BONES & ALL – Interview with writer/producer David Kajganich

‘Call Me By Your Name’ director Luca Guadagnino returns with this coming-of-age romantic cannibal road film that stars Timothée Chalamet’s & Taylor Russell as two drifters, travelling through 80’s America, whose unique hunger renders them outcasts from society.  We spoke to the film’s writer/producer David Kajganich to find out what made this project irresistible.

I wasn’t sure what to expect from your film – I went in cold and I loved it. What made you choose this project?
The project came to me out of the blue – sent by a producer who thought it was a great fit. And when that happens I’m always so grateful to be thought of, but it was particularly strange to be thought of in this case because it was a coming of age story of a young woman who is a cannibal. I thought the book was an incredibly complex genre amalgam, doing three or four things at once. It was about a pretty extreme world of hidden characters and I just wanted to make sure that the author who was a woman was okay with a man adapting it. We talked about it at length and she was excited to have my perspective on it. So I went off with her blessing and then just tried to understand tonally how one could tell a movie that was asking an audience to participate on so many different genre levels with different and sometimes conflicting expectations. It’s sort of thrilling and terrifying.

It’s based on a YA book but its not a YA film. Can you tell us why you chose this tonal shift?
There’s a practical answer which is that the book has a kind of fairytale tone that can accommodate quite a lot of ambiguity about how the eating works and looks – it’s very much glossed over in a kind of tone poetry but obviously when you point a camera at something it needs to be something specific. So I knew that it was going to be a Hard R film which is interesting – to take a novel that was written for a younger audience and preclude them from seeing the film. Once I’d decided that that was going to have to be the case then I could build the characters and their arcs in a much more naturalistic way which gives it a less mythological feeling. It really now feels like realism.

While the film is about a very othered but ultimately hetero-facing relationship, it does feel very queer. Is that intentional?
Well sure, having a central metaphor like cannibalism that stands in for something that people can read into the film in terms of their own pain and trauma and ways that they’ve been pushed to the side – it’s lovely because it means that we don’t have to try build a relationship between the audience and those things. I wouldn’t want to do that unless the entire film were about that. I read a review of the film the other day which said that it avoided a sort of social tourism which I’m really happy to hear. It meant that we had to be quite rigorous about keeping too much other trauma out of the film. But I can tell you that when I read the book I had a very personal reaction to it having grown up gay in the mid West in the 80s. I was able to present as straight and so I kept myself safe but I knew kids who weren’t able to and this was a time when they were saying ‘Don’t Ask Don’t Tell’ instead of ‘It Gets Better’. It wasn’t clear it got better back then. So when I read the book I felt that very deeply but I didn’t want to put that in front of all the other ways people might want to interpret the metaphor.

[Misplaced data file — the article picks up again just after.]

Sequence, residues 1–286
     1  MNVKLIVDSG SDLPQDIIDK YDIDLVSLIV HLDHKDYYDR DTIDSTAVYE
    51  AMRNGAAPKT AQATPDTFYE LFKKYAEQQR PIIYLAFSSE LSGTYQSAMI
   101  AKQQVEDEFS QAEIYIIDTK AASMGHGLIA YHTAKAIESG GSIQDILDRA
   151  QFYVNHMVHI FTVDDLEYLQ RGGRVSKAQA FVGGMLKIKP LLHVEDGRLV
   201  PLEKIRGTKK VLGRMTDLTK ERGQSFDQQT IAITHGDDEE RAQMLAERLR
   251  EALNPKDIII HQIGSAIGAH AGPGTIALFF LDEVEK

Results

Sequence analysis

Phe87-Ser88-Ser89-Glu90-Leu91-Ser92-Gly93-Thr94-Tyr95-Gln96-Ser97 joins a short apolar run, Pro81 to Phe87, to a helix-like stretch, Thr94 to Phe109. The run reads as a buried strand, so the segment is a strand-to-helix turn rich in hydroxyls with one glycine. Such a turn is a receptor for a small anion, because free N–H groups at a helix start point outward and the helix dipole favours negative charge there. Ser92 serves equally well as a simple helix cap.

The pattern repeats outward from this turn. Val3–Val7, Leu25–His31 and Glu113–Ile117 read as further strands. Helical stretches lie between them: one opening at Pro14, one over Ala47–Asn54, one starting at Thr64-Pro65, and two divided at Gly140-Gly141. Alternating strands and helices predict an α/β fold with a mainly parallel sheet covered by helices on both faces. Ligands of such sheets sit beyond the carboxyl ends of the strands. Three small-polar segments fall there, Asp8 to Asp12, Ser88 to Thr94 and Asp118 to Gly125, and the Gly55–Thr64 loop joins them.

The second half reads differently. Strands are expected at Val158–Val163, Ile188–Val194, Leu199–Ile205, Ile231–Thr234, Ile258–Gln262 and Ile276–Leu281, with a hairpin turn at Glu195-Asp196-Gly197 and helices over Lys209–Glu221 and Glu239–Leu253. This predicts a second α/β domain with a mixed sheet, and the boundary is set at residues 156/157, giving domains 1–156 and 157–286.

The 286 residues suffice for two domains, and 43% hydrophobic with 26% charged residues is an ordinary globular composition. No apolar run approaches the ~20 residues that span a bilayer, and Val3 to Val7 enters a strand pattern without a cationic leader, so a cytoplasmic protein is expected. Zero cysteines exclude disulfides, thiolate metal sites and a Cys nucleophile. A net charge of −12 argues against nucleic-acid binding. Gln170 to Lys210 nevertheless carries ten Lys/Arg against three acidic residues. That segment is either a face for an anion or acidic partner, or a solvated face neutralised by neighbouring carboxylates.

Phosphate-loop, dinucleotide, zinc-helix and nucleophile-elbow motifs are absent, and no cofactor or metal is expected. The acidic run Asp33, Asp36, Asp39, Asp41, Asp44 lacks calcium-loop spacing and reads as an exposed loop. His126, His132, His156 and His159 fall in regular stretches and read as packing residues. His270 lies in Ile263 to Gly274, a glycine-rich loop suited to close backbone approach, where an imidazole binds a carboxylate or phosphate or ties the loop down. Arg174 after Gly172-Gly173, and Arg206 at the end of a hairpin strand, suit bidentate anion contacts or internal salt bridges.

Do you feel that people who read the book and loved it will be positive when they see the film?
I don’t know but the author has gone so far out of her way to say that she really loves the film. She really has been quite a friend to the film

You are a writer and a producer on the film and that’s interesting because as a writer the story is your baby and as a producer everything else comes into play. How did that combination work?
I never think of the film as my baby because it’s such a collaborative medium. Once I knew Luca was directing it – it’s different in TV to film – but my job in features is that I’m the midwife and I may have conceived the baby but Luca has to birth it. I think of it that way. And the way that Luca and I work particularly with cast is that we open all the doors. Mark had really interesting thoughts about how to inhabit the nervous system of Sully, Timmy had interesting thoughts about how to inhabit Lee. It’s a pleasure to make those changes to make a part more bespoke and it only ever allows for a more grounded more reasonable set of performances because it allows them to live inside every line of dialogue.

Interview by
AJ O’Neill

BONES AND ALL is at cinemas from Nov 23rd